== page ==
Women are born and bred into a world unfit for them in a society built for men from top to bottom, from governmental directives to infrastructure, from laws and professional hierarchical schemes that favor men.
Unfortunately, many of these issues reflect a woman’s physical and emotional health. For example, cars test safety measures on males. Though some companies also choose to test on women models, it’s not a requirement.
However, studies show that women are more likely to be severely injured in car accidents than men. Another similar aspect can be noticed regarding the optimum temperature in offices where air conditioners were set in the 60s by analyzing an average 40-year-old male.
These examples go further and further as every industry has evolved on the premise that men are the primary consumers. Historical data shows that men were the main models and standards.
This means everything we know today is linked to a man’s body and mind without accounting for a woman’s needs. For this reason, women find it that much harder to climb the social ladder and fulfill their professional lives as they want to.
Lesson 3: When Women try to go into politics, women are often subjected to oppression.
Although women and men make up roughly half of the population in politics, this gender balance does not translate to equal representation. Women hold only about 20% of all seats in national legislatures worldwide.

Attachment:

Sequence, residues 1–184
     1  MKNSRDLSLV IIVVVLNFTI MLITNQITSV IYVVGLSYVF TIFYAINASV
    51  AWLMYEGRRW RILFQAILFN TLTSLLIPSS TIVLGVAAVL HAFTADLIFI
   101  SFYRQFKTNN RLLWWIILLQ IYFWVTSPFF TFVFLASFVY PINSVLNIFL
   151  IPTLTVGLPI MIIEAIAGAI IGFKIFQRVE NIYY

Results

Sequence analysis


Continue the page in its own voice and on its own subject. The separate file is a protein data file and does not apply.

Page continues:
The same goes for women who enter other traditionally male-dominated professions, like law enforcement or STEM fields. This kind of behavior is unacceptable. But sadly, it’s not surprising that men are considered “the standard” in our culture.
For example, women are perceived negatively even if they state the same thing men do in finance or politics. In comparison, men look intelligent and well-versed in the domain. However, we know that there are ways we can change this—by creating spaces where women feel safe and empowered.
The fact that we still view this as acceptable shows how far we still have to go toward achieving true equality for all Americans. And why we need to keep working toward a future. Where gender doesn’t matter when it comes to power dynamics, whether at work or home.
Invisible Women Review
Invisible Women is a hard-to-swallow pill, as it opens up about the gender inequality we are still facing in the 21st century.
By raising awareness about this issue and encouraging people to speak out against it, the book is trying to stop gendered harassment. This book helps build a world where women fit better and have an easier time building a meaningful life, both personally and professionally.
If you’re ready to see the world with a different pair of glasses and study the historical data that proves how men grew to be the standard gender. So make sure to give this book a thorough read.
Who would I recommend the Invisible Women summary to?
The 35-year-old feminist who wants to read lectures that support her cause. The 40-year-old woman who wants to get into politics and read about what makes or breaks a woman’s career. Or the 24-year-old women’s rights activist who wants to expand their knowledge.